UC Natural Reserve System lands are home to dozens of vulnerable animal and plant species. These range from some of the state's rarest amphibians to endemic plants to icons of the West such as bighorn sheep. Studies conducted at the 39 reserves of the NRS informs how these species are managed, which helps preserve the Golden State's extraordinary biological diversity.
Scientists "can work in protected areas that allow them to follow the biology and the ecosystem dynamics of these rare and endangered species. We're really proud of that," says Peggy Fiedler, executive director of the NRS.
A prime example is Brad Shaffer's research on the California tiger salamander. AUC Los Angeles biology professor, Shaffer knew the salamander congregated to breed in grassland pools that form after winter rains. But most vernal pools dry up completely during California's dry summers. Where, Shaffer wondered, do these federally endangered salamanders take refuge from the heat?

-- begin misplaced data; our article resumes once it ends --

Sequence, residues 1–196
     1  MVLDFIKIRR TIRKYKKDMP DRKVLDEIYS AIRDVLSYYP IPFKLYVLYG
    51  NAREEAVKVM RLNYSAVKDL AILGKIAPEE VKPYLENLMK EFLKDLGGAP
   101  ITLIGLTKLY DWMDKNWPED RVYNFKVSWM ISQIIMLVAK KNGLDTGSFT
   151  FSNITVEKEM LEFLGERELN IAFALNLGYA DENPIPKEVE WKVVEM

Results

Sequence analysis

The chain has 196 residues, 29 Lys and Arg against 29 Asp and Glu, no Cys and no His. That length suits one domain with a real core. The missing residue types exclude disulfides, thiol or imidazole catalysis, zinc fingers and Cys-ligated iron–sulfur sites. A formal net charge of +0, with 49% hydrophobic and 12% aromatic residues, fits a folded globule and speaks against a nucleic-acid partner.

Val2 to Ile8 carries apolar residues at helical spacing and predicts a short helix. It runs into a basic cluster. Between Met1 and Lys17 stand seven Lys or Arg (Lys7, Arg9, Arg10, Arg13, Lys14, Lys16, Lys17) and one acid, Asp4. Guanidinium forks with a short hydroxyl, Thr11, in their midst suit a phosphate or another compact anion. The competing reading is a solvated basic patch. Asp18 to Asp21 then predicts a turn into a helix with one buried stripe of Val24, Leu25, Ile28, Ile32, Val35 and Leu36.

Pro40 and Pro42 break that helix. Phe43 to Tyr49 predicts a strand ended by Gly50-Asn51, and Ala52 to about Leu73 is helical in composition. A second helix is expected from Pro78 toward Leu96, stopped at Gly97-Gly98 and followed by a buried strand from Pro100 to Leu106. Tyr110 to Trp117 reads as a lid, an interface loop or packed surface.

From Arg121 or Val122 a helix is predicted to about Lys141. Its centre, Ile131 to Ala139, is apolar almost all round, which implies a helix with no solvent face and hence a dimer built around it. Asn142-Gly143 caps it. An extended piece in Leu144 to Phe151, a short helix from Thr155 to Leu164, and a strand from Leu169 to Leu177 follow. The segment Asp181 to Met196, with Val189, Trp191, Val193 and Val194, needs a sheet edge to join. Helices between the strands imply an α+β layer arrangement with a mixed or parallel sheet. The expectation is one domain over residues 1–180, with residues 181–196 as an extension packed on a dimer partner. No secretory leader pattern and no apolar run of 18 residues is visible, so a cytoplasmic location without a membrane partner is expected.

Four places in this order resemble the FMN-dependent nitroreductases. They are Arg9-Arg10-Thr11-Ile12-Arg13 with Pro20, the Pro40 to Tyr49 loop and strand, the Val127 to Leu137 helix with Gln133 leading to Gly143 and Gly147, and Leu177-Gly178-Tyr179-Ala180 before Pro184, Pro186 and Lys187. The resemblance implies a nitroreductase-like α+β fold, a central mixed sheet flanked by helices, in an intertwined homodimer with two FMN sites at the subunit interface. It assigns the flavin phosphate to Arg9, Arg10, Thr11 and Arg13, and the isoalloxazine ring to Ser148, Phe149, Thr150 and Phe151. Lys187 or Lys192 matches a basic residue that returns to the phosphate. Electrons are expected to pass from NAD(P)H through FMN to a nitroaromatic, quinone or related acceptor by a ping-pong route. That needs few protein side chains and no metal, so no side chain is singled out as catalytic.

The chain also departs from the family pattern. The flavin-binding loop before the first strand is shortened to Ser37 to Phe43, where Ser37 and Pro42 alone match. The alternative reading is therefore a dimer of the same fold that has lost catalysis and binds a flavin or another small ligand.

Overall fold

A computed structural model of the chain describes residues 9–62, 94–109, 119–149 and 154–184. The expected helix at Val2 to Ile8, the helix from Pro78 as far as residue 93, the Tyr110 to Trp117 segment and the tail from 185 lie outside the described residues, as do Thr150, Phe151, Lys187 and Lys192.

To find out, Shaffer studied salamanders at the NRS's Jepson Prairie Reserve in Solano County for more than a decade. His discovery: grown salamanders really get around. Though less than eight inches long from nose to tail, these amphibians may trek more than a mile to find a bunkable burrow. In the safety of a cool ground squirrel or gopher hole, they can tough out triple-digit summer temperatures.
"The average person spends about the same fraction of their year in the shower as a tiger salamander spends in a pond," Shaffer says.
Shaffer's discovery has had a major impact on California tiger salamander management. Now, the U.S. Fish and Wildlife Service requires that both upland grasslands and breeding ponds must be protected in habitat conservation plans for the species.
Learn more about how Shaffer and other researchers use NRS reserves to preserve vulnerable plants and animals in our new video Science to safeguard species.